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The Taoiseach said the process of opening up the country is not simple and will not be a case of just moving forward step by step.

Mr Martin warned that, like every other country, there will be setbacks.

He said over the past week, there has been a series of localised clusters which he said were a "serious concern".

Mr Martin said he understood the desire to get back to normal life, but he said the virus is still a "deep and urgent threat" which he described as "merciless and unrelenting".

The Taoiseach said that the Government has moved to ramp up testing in effected sectors within the region.

He said any business premises that are required to be closed on public health grounds will be shut until public health officials are satisfied that they no longer pose a threat.

The new restrictions come as the Department of Health was notified of four additional deaths and 98 more cases of Covid-19 this evening.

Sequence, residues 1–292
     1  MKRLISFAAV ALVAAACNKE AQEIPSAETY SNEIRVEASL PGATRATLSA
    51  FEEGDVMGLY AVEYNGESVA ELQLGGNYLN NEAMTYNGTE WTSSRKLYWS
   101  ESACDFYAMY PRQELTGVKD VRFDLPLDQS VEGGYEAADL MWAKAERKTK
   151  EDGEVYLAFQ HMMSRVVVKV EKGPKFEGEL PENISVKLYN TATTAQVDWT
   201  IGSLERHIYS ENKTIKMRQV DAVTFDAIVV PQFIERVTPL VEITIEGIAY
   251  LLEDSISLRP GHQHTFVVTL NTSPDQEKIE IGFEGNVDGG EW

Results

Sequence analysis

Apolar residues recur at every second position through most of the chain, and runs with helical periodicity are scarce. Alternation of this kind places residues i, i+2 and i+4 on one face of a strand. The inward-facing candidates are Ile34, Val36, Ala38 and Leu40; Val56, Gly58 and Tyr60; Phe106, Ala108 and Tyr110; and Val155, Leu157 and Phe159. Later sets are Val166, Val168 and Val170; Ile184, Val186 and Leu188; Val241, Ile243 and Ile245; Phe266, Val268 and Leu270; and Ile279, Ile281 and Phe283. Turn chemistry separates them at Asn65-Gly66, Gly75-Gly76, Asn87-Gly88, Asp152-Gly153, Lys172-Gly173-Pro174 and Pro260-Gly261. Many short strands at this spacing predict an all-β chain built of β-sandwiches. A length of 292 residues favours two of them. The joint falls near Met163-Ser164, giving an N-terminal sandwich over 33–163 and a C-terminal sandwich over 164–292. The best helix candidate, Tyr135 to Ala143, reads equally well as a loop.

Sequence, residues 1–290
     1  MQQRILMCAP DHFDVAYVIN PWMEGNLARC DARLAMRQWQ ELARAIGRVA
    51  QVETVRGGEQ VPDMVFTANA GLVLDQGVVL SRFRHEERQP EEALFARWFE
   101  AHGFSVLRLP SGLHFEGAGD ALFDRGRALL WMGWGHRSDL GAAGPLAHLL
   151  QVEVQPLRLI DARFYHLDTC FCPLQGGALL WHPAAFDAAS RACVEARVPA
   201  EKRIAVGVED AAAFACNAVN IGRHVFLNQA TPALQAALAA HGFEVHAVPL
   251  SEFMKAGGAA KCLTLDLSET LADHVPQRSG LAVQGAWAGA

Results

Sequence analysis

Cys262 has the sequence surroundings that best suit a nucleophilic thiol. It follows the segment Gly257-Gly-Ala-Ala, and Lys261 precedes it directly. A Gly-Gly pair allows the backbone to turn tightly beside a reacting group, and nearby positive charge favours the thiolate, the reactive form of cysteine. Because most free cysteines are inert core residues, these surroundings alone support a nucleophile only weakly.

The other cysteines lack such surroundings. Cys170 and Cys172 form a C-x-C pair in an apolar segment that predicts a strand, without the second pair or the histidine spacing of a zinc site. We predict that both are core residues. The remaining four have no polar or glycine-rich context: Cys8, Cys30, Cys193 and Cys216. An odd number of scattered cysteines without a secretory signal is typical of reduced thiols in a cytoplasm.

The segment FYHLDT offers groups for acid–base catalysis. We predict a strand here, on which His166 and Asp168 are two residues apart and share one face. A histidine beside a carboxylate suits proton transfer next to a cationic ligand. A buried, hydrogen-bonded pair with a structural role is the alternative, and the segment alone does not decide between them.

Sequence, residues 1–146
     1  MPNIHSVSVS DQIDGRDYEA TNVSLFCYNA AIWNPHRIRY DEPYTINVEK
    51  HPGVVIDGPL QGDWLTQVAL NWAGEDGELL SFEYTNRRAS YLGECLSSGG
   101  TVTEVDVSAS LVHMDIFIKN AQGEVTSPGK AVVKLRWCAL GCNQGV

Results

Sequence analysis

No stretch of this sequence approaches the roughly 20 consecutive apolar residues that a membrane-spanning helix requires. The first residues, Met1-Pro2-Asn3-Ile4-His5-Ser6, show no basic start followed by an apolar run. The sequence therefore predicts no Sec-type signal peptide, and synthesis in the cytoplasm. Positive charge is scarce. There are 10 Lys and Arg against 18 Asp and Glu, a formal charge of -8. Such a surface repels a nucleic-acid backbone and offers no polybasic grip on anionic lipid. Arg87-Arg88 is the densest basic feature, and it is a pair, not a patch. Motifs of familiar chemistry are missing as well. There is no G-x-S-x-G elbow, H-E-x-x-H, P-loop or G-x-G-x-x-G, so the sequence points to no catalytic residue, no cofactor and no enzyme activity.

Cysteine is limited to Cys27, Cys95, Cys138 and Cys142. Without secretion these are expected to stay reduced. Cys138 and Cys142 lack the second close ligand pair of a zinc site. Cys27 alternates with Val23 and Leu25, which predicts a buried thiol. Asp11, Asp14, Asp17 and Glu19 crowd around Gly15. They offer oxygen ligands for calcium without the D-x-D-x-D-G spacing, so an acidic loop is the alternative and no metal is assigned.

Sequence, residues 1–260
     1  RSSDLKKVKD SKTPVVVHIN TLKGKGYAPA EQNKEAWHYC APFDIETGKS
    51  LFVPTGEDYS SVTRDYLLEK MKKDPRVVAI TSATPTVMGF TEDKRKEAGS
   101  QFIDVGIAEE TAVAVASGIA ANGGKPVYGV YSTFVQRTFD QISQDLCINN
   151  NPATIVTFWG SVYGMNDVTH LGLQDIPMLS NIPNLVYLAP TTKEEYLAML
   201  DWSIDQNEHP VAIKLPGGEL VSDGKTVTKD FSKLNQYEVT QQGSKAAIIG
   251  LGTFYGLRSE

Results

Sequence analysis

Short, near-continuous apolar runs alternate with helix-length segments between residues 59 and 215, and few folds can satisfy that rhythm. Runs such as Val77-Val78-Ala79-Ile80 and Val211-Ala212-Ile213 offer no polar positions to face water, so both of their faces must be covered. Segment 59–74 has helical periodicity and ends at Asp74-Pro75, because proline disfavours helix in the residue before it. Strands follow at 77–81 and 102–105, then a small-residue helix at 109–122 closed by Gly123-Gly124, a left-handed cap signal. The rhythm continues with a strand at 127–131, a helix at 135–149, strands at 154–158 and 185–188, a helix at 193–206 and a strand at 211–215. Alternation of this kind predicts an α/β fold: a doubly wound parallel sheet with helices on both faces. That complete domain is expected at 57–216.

There has now been a total of 1,772 Covid-19 related deaths in Ireland and 26,470 confirmed cases.

Minister for Health Stephen Donnelly has said that the incident rate of the coronavirus per 100 people is now at 11, up from 3.

Speaking at a press briefing at the Department of Health, he said it is likely that garda checkpoints will take place in counties Kildare, Laois and Offaly for the two weeks of the restrictions.

The Acting Chief Medical Officer said that he cannot give a guarantee that restrictions will not last longer than two weeks.